6. Contribute to the viability and natural biodiversity of coastal estuarine marsh ecosystems through management.

Objective: Manage Coastal Preserves to support priority habitats and species and to promote environmental education and public use.
Strategy (1): Manage Coastal Preserve lands in a manner that will maximize their viability, biodiversity, and contribution to achieving ecosystem goals.
Strategy (2): Develop and maintain a coordinated Coastal Preserves data management system.
Strategy (3): Manage and develop provisions for the protection of areas containing unique examples of coastal estuarine marsh ecosystem and other significant natural features or plant or animal life.

7. Develop coastal preserve management strategies that foster improved coordination among federal, state, and local entities with jurisdiction and interests in coastal wetland protection.

Objective: Gather and make available information needed by reserve managers and coastal decision-makers for improved understanding and management of coastal resources.
Strategy (1): Enhance scientific understanding of estuarine ecosystem processes and functions.
Strategy (2): Collect important baseline data to monitor differences over time and for comparing different areas.
Strategy (3):Identify priority resources and monitor the impacts of human stresses.
Strategy (4): Maintain effective management activities and develop effective mechanisms for accountability.
Strategy (5): Establish a multi-disciplinary management advisory.

Objective: Make Coastal Preserve management processes visible, coherent, accessible, and acceptable to the people of Mississippi.
Strategy (1): Actively engage the state, local government, and local citizens early in the formulation and development of all Coastal Preserves Program ecosystem management activities.
Strategy (2): Provide opportunities for public review and comment to all proposed management actions.
Strategy (3): Promote opportunities to involve public stewardship in proposed management actions.
Strategy (4): Provide timely updates on management changes.

8. Increase public awareness and interest in the values and functions of coastal wetlands, their habitats, and the ecosystems they are dependent upon.

Objective: Develop and deliver educational materials and programs to inform the public about wetland species, their habitats, and their value to human beings.
Strategy (1): Develop four public information brochures or pamphlets about coastal wetland protection programs and local wetland functions by 2008.
Strategy (2): Develop and deliver three educational programs per year that enhance public awareness and understanding of estuarine ecosystems and human effects on them.
Strategy (3): Develop and provide public use of Coastal Preserve lands for environmental education.
Strategy (4): Develop and participate on two public outreach and education programs in high priority resource areas by 2008.

TITLE 22, PART 19 – Rules and Regulations for the use of State-Owned Coastal Preserve Areas

When can I visit Coastal Preserve Areas (CPAs)?

  • CPAs are open from one hour before sunrise to one hour after sunset, with the exception of Deer Island and Cat Island, which are open for 24 hours.

Can I camp on Deer Island or Cat Island?

  • Yes, camping is allowed on state-owned sand beach areas and is limited to seven consecutive days. You must also follow all applicable rules and regulations set by the Mississippi Department of Marine Resources (MDMR).

Can I camp on other Coastal Preserve Areas?

  • Camping on CPAs, other than Deer Island and Cat Island, is considered on a case-by-case basis. Please contact the Coastal Preserves office at 228-523-4106 for further details.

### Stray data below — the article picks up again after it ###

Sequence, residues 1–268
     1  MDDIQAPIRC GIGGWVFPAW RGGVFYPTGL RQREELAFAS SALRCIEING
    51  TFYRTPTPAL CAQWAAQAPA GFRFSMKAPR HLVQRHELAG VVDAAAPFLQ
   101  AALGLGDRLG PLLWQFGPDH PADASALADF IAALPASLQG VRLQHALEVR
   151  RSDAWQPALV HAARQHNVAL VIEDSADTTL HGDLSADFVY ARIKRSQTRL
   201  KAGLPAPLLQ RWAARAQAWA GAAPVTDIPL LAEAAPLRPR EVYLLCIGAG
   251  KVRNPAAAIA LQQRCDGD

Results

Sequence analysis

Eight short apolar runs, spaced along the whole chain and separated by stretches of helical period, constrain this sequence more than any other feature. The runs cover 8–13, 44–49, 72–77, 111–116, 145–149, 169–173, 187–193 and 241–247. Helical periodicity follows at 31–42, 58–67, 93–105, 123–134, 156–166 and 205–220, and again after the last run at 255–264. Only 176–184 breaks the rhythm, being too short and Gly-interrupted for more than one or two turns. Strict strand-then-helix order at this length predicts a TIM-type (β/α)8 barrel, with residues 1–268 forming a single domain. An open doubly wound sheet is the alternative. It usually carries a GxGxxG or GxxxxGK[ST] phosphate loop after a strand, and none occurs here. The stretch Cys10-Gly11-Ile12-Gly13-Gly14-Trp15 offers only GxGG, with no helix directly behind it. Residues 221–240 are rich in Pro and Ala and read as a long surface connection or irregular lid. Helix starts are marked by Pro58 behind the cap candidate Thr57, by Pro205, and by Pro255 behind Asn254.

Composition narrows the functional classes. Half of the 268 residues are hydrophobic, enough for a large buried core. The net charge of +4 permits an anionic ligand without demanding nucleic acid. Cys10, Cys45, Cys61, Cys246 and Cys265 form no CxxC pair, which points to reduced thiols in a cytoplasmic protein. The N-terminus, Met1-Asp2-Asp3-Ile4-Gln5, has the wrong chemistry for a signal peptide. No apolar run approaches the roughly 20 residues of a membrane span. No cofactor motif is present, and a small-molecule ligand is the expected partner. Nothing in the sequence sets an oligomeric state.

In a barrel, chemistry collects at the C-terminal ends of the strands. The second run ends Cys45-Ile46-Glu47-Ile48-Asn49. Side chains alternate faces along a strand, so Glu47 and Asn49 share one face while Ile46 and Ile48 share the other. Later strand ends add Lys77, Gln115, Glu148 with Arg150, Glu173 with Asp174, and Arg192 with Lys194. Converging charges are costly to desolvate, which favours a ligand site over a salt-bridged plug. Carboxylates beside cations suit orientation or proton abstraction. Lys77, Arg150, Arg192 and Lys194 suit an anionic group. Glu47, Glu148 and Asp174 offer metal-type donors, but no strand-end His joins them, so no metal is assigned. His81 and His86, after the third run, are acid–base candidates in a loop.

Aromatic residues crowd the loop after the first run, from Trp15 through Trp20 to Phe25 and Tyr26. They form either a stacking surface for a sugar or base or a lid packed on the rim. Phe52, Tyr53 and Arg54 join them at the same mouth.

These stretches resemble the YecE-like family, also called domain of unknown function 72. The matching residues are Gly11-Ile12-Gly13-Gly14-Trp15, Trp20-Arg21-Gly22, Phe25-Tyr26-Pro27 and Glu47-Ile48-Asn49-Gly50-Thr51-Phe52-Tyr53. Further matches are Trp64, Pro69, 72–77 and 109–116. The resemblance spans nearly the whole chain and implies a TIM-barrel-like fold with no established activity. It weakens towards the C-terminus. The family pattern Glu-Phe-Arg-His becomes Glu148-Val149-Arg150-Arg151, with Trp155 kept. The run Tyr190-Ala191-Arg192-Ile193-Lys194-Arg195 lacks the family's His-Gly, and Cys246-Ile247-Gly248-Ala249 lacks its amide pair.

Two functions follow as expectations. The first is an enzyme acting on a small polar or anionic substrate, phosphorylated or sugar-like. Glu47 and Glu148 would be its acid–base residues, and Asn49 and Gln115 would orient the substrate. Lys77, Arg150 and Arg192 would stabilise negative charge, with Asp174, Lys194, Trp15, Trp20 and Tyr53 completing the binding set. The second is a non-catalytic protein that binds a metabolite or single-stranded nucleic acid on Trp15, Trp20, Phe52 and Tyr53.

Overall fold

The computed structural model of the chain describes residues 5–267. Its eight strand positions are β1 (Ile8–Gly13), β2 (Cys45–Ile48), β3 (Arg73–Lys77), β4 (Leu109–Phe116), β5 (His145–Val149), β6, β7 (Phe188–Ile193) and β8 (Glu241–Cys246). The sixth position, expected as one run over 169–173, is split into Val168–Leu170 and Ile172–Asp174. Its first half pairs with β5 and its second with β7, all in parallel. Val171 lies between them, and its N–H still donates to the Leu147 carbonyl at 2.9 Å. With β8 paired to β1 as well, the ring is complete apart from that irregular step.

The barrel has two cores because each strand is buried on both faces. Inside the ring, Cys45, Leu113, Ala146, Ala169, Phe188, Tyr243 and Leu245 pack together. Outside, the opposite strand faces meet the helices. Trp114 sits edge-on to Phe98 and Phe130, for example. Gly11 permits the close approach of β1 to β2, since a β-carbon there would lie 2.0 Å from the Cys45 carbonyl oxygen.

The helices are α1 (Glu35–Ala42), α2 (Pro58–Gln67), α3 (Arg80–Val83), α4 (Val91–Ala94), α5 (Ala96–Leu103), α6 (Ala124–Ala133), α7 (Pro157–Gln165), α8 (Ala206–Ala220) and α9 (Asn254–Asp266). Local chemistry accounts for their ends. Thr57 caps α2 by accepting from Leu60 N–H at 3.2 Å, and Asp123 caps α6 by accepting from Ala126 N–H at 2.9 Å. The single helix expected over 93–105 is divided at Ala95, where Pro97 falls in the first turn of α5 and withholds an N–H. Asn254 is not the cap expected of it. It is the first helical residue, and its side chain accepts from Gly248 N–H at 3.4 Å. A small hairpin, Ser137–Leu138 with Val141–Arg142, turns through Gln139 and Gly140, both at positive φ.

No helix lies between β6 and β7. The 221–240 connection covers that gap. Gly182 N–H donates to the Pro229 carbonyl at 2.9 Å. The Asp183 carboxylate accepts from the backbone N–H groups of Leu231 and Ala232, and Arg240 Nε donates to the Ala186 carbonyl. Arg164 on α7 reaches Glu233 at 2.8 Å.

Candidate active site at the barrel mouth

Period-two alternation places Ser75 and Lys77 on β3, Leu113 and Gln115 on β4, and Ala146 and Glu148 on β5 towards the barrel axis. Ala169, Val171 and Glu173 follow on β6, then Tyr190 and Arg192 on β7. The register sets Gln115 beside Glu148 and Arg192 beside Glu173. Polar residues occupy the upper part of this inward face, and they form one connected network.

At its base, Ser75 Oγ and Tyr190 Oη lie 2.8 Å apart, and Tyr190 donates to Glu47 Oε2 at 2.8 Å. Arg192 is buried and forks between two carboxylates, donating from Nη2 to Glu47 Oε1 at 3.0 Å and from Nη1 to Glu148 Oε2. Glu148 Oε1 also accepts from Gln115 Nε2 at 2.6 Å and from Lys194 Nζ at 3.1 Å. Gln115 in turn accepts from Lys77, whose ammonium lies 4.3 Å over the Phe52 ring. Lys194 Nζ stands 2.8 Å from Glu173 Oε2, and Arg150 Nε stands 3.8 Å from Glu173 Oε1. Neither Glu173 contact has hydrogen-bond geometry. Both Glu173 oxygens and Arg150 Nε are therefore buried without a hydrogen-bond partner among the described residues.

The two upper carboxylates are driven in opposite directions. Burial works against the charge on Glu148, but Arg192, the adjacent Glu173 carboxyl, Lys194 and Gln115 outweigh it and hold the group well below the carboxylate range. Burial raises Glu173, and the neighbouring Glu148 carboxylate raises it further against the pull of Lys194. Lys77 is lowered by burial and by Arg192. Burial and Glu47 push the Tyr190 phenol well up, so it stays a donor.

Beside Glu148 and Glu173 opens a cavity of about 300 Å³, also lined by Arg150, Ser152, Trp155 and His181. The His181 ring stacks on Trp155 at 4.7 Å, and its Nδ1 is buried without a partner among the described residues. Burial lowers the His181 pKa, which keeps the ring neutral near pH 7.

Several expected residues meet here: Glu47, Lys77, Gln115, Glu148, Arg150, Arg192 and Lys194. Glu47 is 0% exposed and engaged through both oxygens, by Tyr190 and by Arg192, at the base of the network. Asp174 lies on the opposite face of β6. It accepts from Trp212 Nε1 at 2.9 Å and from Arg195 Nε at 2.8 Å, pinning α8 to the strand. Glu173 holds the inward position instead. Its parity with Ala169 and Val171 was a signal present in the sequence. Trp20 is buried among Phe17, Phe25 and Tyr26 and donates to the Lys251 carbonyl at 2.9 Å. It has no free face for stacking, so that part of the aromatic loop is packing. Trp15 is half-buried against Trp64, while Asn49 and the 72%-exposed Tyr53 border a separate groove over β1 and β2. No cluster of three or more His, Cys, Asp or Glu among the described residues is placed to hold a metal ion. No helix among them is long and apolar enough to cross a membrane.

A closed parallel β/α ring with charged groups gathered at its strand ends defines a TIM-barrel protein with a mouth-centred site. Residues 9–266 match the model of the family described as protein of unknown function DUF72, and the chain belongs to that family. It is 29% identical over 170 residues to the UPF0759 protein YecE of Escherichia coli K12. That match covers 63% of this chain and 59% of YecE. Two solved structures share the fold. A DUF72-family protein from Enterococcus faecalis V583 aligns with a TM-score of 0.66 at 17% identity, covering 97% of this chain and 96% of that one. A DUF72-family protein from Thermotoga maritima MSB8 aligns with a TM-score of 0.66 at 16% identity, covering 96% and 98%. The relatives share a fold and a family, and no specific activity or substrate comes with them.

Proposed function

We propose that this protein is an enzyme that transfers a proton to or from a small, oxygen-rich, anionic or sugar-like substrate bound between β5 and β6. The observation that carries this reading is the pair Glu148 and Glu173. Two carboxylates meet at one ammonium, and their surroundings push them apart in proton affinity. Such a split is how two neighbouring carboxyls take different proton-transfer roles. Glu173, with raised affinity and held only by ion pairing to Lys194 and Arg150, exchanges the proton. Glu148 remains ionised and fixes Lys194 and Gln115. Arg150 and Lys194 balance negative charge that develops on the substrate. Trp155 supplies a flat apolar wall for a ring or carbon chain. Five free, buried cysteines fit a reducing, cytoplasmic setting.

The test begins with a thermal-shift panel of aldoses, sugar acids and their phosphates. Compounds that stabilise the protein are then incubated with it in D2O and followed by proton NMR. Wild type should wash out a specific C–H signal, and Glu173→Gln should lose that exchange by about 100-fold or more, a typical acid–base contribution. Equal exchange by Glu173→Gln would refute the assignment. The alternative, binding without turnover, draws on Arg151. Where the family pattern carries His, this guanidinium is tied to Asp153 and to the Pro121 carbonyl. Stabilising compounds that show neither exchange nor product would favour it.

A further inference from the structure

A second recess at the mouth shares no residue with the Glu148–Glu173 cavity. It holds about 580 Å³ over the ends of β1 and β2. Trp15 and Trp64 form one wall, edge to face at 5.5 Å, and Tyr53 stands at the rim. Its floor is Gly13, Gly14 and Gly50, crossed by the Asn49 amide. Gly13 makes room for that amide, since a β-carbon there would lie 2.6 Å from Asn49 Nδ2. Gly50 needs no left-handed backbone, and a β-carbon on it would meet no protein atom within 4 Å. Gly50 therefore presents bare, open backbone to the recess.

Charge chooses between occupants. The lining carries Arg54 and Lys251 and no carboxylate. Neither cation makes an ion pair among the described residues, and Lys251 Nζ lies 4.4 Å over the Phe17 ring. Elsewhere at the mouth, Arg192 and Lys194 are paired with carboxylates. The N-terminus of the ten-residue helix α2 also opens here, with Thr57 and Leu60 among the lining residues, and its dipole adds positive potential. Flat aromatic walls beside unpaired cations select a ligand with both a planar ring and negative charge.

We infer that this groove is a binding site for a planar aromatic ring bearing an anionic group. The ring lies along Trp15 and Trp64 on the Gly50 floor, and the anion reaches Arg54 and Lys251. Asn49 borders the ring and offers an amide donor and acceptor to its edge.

Can I hunt and fish on Coastal Preserves? 

  • Yes, but all regulations and seasons set by the Mississippi Department of Wildlife, Fisheries and Parks are to be followed.  Also, there are additional rules with regards to hunting near trails that are explained in detail in the visitor rules and regulations located on our website and the end of this document.

Can I spray or remove the vegetation in or on the water around my property?

  • No, only a properly certified agent of the State or Local Government can apply herbicide to or remove non-native species from waterways. Please report any nuisance vegetation to MDMR Coastal Preserves.

Can I take plants, soil, seeds or artifacts from Coastal Preserve Areas?

  • No, all plants, soil, seeds and artifacts on CPAs are considered state property and should be left in place. Metal detectors are prohibited on all CPAs.

Do I have to clean up my own trash on a Coastal Preserve Areas?

  • Yes, CPAs are primitive areas and are considered “pack-in/pack-out” areas.

Can I set up a feeder on a Coastal Preserve?

  • No, any feeders found will be removed by MDMR staff.

Can I erect a duck blind or deer stand on a Coastal Preserve?

  • Portable stands and blinds are allowed but must be removed daily.  Construction of permanent blinds is prohibited. 

Are bicycles allowed on a Coastal Preserve?

  • Yes, bicycles are permitted on designated trails.

Can I shoot fireworks on a Coastal Preserve?

  • No, possession of any explosive substance, such as dynamite, fireworks, Tannerite or rockets, on any Coastal Preserve is prohibited.

Can I take my dog on the trails with me? 

  • Yes, but pets must always remain on a leash. 

Can I use hunting dogs on a Coastal Preserve?

  • Yes, but only if they are on a leash at all times. No unrestrained dogs will be allowed on a Coastal Preserve.

Can I drive vehicles on Coastal Preserves properties including ATVs, UTVs, dirt bikes, etc.?

  • No, motorized vehicles are not allowed on Coastal Preserves. This includes airboats and amphibious vehicles in marsh areas. 

I have property to sell/donate, is Coastal Preserves interested?   

  • Please contact us directly with information on the property you are interested in selling or donating.

Can I host an event on a Coastal Preserve?

  • All events must receive a Letter of Permission from the Coastal Preserves Bureau prior to the event. It’s advisable to contact our office at least 60 days in advance of your proposed event date. Certain restrictions may apply depending on the specific preserve.

Click here to access the rules and regulations of the Mississippi Coastal Preserve Areas.

Download the Coastal Preserves FAQs.


Mississippi GEMS